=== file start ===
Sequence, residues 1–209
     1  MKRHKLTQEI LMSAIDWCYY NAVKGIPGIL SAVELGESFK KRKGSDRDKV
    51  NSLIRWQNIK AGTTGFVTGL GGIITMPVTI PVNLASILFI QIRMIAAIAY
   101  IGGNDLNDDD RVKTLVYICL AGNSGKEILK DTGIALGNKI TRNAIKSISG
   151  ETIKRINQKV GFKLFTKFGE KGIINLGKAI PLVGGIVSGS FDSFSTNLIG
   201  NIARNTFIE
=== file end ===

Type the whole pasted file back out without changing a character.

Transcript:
Sequence, residues 1–209
     1  MKRHKLTQEI LMSAIDWCYY NAVKGIPGIL SAVELGESFK KRKGSDRDKV
    51  NSLIRWQNIK AGTTGFVTGL GGIITMPVTI PVNLASILFI QIRMIAAIAY
   101  IGGNDLNDDD RVKTLVYICL AGNSGKEILK DTGIALGNKI TRNAIKSISG
   151  ETIKRINQKV GFKLFTKFGE KGIINLGKAI PLVGGIVSGS FDSFSTNLIG
   201  NIARNTFIE